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Incarceration Nations: A Journey to Justice in Prisons Around the World Kindle Edition
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|Length: 337 pages||Word Wise: Enabled||Enhanced Typesetting: Enabled|
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This book was insanely good. Our class had just read The New Jim Crow: Mass Incarceration in the Age of Colorblindness prior to this and this book out shined it in comparison. The New Jim Crow left me dissatisfied at the end, offering me no real, clear, solution to the problem. This book, however, did and gave me hope for the future. Additionally, her writing style is incredible. It's so engaging and she really takes you on a journey. She has a way of making some big points in really subtle ways.
As for meeting her, she is just as wonderful in person and she really is doing so much for prison reform and mass incarceration. She is working on so many new projects. Her optimism is inspiring
I absolutely believe in prison reform. However, while the author makes her statements for extreme prison reform at the end of the book, she has not substantiated her thinking so the ideas do not seem to have been informed by her experience. For readers who don’t already agree with her, this book will not change their minds.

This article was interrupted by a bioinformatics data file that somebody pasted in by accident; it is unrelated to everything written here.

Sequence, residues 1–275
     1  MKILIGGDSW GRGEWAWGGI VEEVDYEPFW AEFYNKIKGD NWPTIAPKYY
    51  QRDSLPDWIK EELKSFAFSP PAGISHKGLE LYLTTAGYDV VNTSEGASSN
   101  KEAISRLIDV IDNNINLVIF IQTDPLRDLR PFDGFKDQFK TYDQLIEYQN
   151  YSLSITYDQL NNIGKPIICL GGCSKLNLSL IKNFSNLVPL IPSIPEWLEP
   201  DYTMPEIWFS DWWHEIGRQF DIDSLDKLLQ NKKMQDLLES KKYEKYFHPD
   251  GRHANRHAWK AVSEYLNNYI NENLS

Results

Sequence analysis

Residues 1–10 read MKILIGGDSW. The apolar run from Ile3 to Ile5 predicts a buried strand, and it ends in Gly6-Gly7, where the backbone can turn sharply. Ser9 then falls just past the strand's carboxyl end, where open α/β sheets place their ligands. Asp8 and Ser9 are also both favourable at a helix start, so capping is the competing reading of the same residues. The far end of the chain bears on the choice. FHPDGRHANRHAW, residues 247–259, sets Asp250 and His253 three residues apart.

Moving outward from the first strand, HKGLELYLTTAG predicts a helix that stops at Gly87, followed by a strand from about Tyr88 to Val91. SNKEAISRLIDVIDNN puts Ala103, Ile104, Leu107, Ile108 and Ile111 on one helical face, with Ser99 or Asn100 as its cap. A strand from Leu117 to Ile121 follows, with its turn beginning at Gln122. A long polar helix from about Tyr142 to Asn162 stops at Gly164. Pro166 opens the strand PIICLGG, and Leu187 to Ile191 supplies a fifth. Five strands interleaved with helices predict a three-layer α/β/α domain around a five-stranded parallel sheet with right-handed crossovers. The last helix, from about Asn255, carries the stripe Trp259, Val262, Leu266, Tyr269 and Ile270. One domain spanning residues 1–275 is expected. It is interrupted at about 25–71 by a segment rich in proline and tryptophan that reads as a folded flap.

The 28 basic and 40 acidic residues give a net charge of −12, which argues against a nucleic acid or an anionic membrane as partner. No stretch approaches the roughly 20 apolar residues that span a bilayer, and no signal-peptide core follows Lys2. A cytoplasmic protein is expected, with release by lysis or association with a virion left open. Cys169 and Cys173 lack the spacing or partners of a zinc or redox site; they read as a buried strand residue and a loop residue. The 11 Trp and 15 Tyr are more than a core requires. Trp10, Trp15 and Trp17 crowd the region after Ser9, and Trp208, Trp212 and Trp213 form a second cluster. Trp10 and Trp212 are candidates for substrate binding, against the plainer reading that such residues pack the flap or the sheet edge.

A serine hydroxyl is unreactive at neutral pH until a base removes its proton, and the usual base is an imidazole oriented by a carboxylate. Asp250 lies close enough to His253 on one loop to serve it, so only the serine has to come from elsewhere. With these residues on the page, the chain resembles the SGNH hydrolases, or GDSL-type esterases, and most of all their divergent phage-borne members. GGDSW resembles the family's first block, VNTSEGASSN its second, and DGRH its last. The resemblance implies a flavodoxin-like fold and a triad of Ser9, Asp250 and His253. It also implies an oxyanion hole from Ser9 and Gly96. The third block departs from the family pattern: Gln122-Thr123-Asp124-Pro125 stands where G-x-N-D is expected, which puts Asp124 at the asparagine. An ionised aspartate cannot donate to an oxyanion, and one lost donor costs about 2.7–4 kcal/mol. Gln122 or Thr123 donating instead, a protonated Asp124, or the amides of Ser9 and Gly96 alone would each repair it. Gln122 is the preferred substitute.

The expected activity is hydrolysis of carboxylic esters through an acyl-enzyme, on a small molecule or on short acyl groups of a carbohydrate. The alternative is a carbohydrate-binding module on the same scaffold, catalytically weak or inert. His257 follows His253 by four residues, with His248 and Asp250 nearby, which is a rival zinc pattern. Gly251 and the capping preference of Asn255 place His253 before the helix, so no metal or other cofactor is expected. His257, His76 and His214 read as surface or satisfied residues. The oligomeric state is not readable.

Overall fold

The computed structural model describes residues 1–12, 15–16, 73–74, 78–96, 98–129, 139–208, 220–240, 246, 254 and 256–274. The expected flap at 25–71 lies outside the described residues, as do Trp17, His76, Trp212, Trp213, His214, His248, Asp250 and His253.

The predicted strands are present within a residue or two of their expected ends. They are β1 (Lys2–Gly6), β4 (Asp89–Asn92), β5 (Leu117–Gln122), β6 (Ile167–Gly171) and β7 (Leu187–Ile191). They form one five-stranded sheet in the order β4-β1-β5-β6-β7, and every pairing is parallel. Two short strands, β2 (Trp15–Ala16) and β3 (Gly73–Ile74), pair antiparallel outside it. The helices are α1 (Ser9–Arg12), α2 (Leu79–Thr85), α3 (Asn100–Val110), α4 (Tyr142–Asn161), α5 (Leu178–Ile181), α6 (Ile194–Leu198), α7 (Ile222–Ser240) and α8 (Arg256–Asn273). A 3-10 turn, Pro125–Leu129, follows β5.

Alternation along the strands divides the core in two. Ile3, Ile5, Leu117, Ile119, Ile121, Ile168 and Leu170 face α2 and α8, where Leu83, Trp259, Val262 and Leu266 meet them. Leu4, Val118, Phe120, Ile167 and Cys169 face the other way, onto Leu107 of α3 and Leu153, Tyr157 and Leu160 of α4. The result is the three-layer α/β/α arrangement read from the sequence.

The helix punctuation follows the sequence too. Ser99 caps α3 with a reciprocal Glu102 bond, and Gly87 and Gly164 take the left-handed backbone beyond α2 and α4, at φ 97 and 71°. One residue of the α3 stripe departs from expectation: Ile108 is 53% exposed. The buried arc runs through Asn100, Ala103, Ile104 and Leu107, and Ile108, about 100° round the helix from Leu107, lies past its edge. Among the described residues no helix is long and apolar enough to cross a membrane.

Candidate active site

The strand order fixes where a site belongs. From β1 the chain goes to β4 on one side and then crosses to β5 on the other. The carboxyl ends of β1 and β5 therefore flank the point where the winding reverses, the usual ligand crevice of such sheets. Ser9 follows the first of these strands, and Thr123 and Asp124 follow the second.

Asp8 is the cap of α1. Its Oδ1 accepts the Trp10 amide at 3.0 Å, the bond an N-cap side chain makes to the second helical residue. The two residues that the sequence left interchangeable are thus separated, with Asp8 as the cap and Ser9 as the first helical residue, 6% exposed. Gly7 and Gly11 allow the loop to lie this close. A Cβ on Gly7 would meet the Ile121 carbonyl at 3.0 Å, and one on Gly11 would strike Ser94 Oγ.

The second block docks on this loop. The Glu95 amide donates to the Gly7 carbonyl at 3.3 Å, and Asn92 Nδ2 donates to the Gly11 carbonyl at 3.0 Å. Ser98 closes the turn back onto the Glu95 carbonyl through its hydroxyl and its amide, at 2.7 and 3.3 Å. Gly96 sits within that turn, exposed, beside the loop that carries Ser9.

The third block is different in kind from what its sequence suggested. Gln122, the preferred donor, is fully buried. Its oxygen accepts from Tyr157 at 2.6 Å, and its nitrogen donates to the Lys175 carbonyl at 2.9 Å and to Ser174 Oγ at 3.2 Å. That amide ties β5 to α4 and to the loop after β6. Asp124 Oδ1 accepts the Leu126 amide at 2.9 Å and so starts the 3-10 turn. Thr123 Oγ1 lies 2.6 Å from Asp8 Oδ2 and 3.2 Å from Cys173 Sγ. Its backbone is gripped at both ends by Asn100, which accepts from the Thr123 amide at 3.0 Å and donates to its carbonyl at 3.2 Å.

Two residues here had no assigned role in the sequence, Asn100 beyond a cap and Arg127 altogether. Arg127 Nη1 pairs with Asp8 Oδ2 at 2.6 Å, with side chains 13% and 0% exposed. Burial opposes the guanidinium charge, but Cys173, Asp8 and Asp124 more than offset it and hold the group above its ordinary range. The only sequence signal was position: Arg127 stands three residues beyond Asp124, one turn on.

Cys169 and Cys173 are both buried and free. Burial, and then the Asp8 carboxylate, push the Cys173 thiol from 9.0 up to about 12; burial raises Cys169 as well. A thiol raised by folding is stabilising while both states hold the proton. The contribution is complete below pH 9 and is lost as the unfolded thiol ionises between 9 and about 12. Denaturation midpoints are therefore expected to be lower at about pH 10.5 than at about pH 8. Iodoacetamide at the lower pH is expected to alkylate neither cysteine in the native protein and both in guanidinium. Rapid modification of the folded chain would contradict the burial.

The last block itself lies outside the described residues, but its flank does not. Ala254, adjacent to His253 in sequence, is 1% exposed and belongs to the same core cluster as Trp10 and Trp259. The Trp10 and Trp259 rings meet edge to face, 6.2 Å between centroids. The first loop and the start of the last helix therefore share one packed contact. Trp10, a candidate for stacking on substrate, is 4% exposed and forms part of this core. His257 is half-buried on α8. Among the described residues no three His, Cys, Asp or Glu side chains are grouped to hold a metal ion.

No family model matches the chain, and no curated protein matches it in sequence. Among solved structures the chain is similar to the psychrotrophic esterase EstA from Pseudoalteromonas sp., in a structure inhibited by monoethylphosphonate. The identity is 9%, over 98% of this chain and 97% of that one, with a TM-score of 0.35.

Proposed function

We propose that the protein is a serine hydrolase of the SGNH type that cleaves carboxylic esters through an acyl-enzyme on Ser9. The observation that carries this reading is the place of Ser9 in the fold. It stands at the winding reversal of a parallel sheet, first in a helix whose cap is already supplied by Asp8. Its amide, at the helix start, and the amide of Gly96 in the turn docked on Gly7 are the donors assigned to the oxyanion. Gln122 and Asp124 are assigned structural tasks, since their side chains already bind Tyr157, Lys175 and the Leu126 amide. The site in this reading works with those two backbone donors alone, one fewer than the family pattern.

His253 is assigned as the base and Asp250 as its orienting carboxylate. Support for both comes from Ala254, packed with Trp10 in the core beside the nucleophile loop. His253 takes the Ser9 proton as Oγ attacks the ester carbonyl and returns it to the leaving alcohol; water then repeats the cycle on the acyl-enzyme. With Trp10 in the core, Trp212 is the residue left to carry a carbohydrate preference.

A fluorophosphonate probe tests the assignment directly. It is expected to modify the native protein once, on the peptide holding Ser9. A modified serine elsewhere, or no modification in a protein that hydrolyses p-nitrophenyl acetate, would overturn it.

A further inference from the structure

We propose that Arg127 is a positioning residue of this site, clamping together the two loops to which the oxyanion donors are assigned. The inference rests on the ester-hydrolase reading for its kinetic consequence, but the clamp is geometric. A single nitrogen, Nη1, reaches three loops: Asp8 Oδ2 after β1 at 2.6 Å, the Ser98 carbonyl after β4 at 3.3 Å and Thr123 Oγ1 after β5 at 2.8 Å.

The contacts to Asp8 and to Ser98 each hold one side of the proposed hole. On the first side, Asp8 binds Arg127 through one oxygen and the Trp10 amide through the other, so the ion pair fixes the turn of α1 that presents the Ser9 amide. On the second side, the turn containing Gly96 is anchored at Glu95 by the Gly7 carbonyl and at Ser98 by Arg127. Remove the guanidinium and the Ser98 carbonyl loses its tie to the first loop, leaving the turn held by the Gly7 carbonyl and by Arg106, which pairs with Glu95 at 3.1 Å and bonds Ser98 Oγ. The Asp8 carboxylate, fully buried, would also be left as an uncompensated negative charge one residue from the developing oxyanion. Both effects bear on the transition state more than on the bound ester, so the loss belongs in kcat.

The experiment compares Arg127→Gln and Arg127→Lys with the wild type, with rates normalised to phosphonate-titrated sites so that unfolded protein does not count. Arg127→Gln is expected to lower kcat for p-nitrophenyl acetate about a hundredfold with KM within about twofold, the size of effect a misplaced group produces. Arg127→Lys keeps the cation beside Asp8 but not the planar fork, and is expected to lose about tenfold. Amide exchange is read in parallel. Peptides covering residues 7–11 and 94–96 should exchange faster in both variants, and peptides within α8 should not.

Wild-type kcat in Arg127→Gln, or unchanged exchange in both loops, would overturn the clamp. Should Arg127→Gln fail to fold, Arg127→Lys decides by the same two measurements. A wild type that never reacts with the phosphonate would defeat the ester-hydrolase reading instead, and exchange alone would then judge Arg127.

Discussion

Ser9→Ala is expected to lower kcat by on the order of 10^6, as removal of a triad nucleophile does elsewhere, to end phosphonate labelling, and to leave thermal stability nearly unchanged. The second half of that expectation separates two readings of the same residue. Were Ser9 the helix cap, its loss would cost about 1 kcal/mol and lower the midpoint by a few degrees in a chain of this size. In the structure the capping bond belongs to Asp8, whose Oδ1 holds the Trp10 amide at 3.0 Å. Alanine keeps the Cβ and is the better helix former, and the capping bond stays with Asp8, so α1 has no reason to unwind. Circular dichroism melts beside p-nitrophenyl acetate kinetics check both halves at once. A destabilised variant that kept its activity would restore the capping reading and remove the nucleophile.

Additionally, it is almost embarrassing how often other people have to point out problems to her when she is blinded by the positive images she is being fed. I don’t fault her for her limited access to prisoners and prisons, but she rarely takes a critical eye to these limitations without someone else pointing out that she is being spoon fed a narrative. She also gives credence to her opinions over what she is told directly by prisoners.
If someone is interested in prison reform, look through the bibliography in this book. Skip the rest. It is not worthwhile.
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Critical information for anyone interested in social justice issues.